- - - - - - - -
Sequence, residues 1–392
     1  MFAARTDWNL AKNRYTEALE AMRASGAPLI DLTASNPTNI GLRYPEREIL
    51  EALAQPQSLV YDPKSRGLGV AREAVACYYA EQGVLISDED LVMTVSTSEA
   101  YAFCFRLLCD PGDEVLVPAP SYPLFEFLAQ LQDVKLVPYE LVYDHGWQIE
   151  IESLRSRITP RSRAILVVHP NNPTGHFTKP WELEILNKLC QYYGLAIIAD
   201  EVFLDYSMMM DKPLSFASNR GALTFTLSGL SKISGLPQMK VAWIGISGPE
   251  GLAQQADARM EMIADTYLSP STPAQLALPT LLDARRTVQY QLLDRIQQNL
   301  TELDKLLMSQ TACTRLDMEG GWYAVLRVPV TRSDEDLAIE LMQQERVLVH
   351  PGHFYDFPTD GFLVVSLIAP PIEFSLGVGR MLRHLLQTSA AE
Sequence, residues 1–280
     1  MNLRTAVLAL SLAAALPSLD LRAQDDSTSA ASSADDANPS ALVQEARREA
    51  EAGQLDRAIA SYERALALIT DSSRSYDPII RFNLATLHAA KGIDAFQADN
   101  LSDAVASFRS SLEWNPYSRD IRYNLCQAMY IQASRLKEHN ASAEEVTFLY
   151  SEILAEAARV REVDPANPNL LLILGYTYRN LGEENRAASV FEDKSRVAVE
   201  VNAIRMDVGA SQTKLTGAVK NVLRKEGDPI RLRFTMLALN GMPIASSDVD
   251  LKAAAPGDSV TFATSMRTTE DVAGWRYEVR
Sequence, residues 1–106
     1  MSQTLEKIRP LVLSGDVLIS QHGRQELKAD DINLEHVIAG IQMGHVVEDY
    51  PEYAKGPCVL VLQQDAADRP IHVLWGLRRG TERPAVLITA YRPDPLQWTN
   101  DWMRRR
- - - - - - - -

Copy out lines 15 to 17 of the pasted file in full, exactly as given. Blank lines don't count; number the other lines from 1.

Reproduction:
   201  VNAIRMDVGA SQTKLTGAVK NVLRKEGDPI RLRFTMLALN GMPIASSDVD
   251  LKAAAPGDSV TFATSMRTTE DVAGWRYEVR
Sequence, residues 1–106